Open Access

The Neighborhood Impact of Industrial Blight: A Path Analysis


Historically, industry shaped the space-economy of the American city, a major source of employment opportunity for residents that selected housing nearby or within a convenient or affordable commuting distance. However, the contemporary American city is structurally characterized by abandoned, blighted, vacant industrial properties due to urban expansion, deindustrialization and the suburbanization of both jobs and population. The urban studies literature rarely documents the neighborhood impact of industrial blight akin to studies of residential blight. We determine the proximity-effect of industrial blight on the neighborhood thought of not as an isolated and closed entity, but as a connected and open entity within the city and the region. Unlike studies confined to the property value impact, we determine Pearson correlations of industrial blight and vacancy expansively with the socio-economic and physical characteristics of neighborhoods. We use path analysis to determine direct, indirect, and total neighborhood impact of industrial blight and vacancy. The census block group and parcel-level geographic information system (GIS) provide our principal sources of data. The block group geography contains the neighborhood as a fundamental spatial unit. We determine how the neighborhood impact varies with distance from the blighted, vacant industrial property.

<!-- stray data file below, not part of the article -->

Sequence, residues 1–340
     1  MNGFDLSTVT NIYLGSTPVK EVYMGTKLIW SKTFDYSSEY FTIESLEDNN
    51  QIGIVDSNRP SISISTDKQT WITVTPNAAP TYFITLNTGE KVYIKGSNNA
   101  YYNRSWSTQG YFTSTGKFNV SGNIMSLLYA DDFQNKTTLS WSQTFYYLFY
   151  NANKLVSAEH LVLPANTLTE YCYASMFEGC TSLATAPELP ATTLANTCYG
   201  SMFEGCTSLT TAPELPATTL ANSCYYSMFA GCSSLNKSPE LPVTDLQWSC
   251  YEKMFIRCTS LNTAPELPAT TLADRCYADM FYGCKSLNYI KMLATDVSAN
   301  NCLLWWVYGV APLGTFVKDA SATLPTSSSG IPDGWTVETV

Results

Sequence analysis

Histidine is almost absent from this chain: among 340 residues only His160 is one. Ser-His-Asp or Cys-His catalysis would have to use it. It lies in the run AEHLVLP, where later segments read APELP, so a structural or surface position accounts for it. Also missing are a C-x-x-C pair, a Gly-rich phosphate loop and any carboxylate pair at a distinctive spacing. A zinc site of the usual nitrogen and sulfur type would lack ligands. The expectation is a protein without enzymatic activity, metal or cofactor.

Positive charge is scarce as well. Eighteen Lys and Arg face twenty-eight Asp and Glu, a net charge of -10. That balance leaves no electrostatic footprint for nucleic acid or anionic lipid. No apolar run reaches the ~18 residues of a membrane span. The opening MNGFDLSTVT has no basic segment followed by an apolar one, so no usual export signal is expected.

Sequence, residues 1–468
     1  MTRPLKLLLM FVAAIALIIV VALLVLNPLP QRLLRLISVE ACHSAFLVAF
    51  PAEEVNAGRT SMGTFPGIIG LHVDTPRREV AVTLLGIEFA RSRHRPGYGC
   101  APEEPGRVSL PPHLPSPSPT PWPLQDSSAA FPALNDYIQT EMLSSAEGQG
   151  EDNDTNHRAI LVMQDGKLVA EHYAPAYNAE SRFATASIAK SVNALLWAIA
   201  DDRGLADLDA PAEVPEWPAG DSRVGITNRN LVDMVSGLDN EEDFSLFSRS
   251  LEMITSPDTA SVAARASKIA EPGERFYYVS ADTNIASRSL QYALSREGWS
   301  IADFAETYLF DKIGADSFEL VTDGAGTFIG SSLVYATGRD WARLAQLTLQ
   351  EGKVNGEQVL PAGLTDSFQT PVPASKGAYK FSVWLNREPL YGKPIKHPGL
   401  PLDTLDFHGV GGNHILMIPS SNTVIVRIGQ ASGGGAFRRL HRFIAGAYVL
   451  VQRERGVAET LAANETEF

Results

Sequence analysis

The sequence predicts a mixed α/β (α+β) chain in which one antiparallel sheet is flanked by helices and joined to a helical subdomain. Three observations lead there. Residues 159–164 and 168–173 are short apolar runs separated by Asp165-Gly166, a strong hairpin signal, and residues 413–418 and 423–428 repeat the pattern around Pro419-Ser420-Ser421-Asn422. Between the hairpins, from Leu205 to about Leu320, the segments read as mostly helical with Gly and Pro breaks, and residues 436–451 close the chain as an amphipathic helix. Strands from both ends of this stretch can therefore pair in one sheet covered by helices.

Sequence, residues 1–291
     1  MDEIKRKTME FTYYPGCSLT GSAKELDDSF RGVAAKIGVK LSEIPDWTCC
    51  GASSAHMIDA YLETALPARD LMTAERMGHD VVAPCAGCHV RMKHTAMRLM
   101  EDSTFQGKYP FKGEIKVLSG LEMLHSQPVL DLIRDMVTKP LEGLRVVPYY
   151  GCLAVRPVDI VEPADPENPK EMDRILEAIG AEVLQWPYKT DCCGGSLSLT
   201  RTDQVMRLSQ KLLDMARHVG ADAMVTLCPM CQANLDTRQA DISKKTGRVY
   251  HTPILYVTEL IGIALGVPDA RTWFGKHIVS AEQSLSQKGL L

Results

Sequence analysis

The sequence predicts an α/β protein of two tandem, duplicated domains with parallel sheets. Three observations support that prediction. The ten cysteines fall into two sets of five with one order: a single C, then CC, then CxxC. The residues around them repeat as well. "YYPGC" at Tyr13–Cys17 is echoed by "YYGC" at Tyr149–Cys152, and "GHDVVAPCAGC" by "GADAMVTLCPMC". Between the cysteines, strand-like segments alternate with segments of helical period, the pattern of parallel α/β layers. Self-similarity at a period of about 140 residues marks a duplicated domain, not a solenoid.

Publication timeframe:
2 times per year
Journal Subjects:
Geosciences, other